Two professional mixed martial arts fighters allege Ultimate Fighting Championship (UFC) has maintained an unlawful monopoly in the market for live MMA contests and monopsony control over professional fighter services.
The 48-page case alleges Zuffa, LLC, which does business as UFC, and Endeavor Group Holdings have engaged in an illegal scheme whereby UFC has eliminated would-be rivals in the MMA promotion industry by systematically preventing them from gaining access to top-ranked fighters, including by imposing “extreme restrictions” on the athletes’ ability to compete for companies other than UFC during and after their tenure. As a result of the defendants’ scheme, UFC fighters are paid “a fraction of what they would earn in a competitive marketplace,” the complaint says.
Per the suit, UFC has come to control roughly 90 percent of the revenue derived from professional MMA fighting – regardless of venue – through its anti-competitive conduct. The organization has also locked up “all or virtually all” professional MMA fighters with substantial national, or even regional, notoriety such that competitors’ promotions “cannot hope to attract enough viewers” to make a profit and challenge the defendants’ dominance, the case says.
The plaintiffs further allege UFC has wielded threats, intimidation and retaliation against MMA fighters who work or threaten to work with rival promoters. As a result, many fighters have refused offers, including some promising higher compensation, out of fear that they would face the wrath of UFC and be banned from future opportunities to earn income, the case states.
By dominating the market for the promotion of live, professional MMA bouts, UFC has made itself the “only game in town” for professional fighters looking to earn a living in their chosen profession and at the highest level in the sport, the lawsuit says. Per the case, UFC, through long-term exclusive agreements with fighters and other “exclusionary and anticompetitive acts,” controls the talents of those who are popular with national audiences “all but indefinitely.” Would-be rivals to UFC stand relatively no chance at gaining market share given the defendants attract a significant live Pay-Per-View audience based on the notoriety of fighters scheduled to appear and prohibit their athletes from competing against those under contract with other promotors, the suit contends.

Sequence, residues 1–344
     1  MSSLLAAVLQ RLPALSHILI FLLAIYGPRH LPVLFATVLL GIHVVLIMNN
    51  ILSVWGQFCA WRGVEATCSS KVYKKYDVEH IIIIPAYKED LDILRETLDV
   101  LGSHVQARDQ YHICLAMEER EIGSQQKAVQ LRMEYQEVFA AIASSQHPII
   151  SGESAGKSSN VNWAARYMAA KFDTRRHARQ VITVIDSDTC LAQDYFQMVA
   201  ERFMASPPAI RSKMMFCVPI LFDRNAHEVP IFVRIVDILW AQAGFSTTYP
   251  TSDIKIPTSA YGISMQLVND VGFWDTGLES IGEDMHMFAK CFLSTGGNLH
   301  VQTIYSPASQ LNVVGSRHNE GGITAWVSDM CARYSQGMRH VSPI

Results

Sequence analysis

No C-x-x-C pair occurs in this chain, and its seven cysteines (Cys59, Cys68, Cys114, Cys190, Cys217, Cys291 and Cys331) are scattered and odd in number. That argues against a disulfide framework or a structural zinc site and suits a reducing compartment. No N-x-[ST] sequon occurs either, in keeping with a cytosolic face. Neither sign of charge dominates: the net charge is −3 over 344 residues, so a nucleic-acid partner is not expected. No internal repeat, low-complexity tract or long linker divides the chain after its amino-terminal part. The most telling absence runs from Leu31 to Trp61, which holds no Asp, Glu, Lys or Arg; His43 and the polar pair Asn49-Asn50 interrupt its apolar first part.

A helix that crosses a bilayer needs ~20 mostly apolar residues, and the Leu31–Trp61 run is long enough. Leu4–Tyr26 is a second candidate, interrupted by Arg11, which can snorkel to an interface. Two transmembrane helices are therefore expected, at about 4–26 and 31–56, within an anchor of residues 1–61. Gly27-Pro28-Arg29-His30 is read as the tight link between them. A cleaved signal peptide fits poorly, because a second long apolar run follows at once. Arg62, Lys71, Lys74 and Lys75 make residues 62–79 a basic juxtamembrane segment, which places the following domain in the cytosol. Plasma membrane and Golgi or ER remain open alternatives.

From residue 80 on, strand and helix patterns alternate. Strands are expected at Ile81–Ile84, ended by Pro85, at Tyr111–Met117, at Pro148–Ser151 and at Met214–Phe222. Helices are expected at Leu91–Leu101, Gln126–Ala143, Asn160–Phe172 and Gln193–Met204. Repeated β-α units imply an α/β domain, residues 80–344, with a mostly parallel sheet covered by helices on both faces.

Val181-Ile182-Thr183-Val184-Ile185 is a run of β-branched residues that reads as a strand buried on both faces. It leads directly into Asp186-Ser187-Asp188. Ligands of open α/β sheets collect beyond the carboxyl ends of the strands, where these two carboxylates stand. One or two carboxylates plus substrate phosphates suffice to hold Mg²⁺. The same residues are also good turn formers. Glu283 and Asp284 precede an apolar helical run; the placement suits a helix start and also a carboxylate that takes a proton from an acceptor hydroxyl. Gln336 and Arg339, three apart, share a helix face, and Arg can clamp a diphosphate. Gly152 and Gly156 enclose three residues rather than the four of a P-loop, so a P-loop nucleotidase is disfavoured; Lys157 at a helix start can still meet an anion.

What’s left in the wake of the UFC’s alleged competition suppression are merely “fringe competitors” or entities that “have essentially been conscripted by the UFC” into acting as the de facto minor league for talent development, the complaint charges. The suit shares that while Zuffa president Dana White boasted in 2010 that UFC had essentially eliminated its competition, and compared the entity to the NFL by quipping “[t]here is no other guy,” UFC differs from a major sport like football in that there are no individual teams vying for players’ services.
“Due to the scheme alleged herein, for Professional MMA Fighters at the top of their sport, it’s the UFC or nothing,” the complaint reads. “To repeat Mr. White’s boastful concession: ‘There is no other guy.’”
The suit claims UFC’s conduct has allowed it to generate approximately $900 million in annual revenue and enjoy profit margins “higher than all or nearly all other major professional sports.” Those who fight for UFC, rather than earn paydays comparable to boxers, go “substantially undercompensated” despite the punishing nature of the sport, the case says.
“In fact, UFC fighters collectively earn less than 20% of the revenues generated by UFC events, whereas athletes in boxing, MLB, the NBA, the NFL and the NHL all earn 50% or more—sometimes substantially more—of revenues generated by those sports,” according to the complaint.
The lawsuit aims to cover all persons who competed in one or more live professional UFC-promoted MMA bouts taking place or broadcast in the United States between July 1, 2017 and the present. The case looks to extend the class period proposed in a similar lawsuit, which sought to cover UFC competitors who participated in bouts from December 16, 2021 to June 30, 2017.
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